Culver City Stands United Against Hate

Culver City United Against Hate

In conjunction with LA vs Hate and United Against Hate Week (September 21, 2024 - September 27, 2024) efforts, Culver City is committed to building further recognition and continuing education within our community on the importance of reporting hate crimes and the use of the 211 system as a safe and confidential means of reporting hate crimes.

Learn more about exciting and informative community events and activities throughout the 2024 United Against Hate Week!

Reporting Hate

Reporting hate is the first step in stopping it. By filing a report as a victim, witness, or advocate for a victim of hate crimes and hate incidents, you are helping to identify areas in need of intervention and prevention resources. You also have the option to consent to receive free follow-up and additional support with resources in your community. By understanding how and where hate is occurring through the reports, our communities can respond with appropriate resources and support, which can include protecting your civil rights, healing from trauma, and taking action to prevent hate from happening to others.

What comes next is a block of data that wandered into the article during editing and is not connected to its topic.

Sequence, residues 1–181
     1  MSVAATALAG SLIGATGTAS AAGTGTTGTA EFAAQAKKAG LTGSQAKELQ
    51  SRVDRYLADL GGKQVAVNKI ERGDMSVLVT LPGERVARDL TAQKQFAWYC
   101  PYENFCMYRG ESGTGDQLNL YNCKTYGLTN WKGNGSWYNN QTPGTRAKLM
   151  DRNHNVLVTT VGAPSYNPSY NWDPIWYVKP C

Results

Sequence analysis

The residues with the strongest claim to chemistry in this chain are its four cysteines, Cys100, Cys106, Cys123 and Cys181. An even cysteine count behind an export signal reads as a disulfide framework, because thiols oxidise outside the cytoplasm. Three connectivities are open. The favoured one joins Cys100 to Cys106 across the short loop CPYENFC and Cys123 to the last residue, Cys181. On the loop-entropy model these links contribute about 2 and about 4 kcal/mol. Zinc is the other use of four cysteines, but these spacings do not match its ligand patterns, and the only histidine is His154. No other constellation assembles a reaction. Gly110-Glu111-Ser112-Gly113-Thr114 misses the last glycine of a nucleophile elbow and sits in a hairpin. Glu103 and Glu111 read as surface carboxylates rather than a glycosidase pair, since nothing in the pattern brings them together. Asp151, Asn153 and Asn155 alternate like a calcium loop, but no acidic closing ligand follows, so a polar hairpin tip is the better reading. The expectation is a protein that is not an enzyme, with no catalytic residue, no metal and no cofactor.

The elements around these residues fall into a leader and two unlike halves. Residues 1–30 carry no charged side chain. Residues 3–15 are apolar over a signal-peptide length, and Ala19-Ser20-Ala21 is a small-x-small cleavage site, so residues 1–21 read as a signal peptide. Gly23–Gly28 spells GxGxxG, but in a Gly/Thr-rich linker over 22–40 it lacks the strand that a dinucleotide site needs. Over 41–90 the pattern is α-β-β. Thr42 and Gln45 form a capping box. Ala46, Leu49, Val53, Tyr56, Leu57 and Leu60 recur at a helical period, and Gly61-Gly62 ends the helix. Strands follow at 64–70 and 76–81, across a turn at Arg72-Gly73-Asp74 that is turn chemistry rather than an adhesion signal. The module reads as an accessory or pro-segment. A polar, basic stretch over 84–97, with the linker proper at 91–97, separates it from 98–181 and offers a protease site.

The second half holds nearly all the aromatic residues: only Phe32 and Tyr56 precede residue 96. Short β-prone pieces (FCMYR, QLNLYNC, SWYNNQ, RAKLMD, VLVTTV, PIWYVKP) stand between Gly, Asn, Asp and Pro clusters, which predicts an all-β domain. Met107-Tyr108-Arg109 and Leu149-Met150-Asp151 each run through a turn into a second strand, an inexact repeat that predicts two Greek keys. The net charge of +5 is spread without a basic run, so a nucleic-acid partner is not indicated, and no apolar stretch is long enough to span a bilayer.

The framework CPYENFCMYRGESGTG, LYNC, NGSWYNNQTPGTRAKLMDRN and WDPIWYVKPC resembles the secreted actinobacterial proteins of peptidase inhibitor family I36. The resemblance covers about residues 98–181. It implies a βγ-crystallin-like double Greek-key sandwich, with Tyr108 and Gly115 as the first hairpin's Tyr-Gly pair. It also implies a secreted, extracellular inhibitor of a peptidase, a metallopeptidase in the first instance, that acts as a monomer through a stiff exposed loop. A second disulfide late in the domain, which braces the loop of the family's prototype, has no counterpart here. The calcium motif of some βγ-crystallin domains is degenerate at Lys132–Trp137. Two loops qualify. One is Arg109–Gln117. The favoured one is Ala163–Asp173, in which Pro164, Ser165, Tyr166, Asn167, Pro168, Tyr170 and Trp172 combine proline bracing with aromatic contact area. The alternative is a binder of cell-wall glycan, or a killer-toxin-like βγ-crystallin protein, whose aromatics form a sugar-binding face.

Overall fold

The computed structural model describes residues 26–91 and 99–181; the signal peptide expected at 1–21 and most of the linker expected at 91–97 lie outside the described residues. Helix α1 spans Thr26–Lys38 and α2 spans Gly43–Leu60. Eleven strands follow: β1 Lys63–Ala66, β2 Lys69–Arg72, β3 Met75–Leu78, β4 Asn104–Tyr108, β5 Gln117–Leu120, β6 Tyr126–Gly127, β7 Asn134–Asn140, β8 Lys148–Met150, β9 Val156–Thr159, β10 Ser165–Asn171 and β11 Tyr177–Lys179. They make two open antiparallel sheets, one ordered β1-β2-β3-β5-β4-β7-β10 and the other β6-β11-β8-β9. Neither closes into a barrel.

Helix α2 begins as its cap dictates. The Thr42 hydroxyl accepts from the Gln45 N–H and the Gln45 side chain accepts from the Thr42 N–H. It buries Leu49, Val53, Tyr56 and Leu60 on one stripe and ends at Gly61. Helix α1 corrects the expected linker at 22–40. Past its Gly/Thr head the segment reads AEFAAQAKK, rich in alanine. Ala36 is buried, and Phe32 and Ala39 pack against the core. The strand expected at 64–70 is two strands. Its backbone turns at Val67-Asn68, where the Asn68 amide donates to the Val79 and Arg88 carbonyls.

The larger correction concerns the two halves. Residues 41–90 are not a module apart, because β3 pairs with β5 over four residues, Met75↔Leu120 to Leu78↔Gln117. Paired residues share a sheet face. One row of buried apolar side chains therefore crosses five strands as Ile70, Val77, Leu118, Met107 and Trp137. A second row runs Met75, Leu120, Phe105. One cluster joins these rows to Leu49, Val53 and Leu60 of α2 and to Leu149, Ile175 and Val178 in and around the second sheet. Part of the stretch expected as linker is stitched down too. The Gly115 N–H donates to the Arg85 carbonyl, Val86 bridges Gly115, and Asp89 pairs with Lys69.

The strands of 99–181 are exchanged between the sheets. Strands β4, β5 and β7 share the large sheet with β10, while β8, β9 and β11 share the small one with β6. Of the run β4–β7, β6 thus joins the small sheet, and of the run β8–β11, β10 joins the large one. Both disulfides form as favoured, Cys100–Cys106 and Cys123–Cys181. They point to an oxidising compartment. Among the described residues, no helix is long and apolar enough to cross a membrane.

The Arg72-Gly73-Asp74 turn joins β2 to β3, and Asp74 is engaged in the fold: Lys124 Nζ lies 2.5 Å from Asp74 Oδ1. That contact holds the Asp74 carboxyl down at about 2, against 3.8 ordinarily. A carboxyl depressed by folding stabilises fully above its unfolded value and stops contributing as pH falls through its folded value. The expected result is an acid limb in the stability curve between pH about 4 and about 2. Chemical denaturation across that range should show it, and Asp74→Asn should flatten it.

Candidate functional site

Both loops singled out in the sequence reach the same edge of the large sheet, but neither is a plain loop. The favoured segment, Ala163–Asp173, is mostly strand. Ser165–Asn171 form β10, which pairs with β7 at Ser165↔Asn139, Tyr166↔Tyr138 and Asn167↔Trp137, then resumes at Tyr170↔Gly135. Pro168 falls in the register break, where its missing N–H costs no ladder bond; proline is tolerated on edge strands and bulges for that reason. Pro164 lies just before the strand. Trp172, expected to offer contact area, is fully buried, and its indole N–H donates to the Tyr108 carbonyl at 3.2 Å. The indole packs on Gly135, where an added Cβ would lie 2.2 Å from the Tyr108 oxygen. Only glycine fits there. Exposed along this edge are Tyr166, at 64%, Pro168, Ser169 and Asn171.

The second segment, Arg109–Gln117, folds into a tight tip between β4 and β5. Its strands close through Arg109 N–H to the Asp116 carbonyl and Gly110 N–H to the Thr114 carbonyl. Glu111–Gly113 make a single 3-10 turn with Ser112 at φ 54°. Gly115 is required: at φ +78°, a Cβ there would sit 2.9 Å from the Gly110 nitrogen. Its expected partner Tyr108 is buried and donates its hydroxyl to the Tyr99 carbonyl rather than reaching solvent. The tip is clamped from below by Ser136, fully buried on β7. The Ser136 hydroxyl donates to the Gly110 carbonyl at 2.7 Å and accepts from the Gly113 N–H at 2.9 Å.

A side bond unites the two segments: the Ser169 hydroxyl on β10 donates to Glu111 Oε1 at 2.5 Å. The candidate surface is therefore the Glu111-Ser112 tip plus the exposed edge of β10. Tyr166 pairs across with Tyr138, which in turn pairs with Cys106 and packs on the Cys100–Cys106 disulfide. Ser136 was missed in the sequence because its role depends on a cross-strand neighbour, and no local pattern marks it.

Victims should not suffer in silence. It is critical to report a hate incident, which includes any act of verbal or physical aggression, refusal of service, bullying, or intimidation of any kind that is motivated by hostile prejudice. We cannot do anything to stop hate crimes and incidents unless we know about them.

Report Hate Call - 211

If you are in immediate danger or a crime is being committed, please call 911.

Call 211 to report hate and seek support. 211 LA is a hub for community members and community organizations looking for health, human, and social services in Los Angeles County.  Their programs provide outreach and education, service navigation, or care coordination to access and obtain services that best meet individual needs, through their free and confidential 24-hour 2-1-1 call line, or through their website. Support is provided in 140 languages.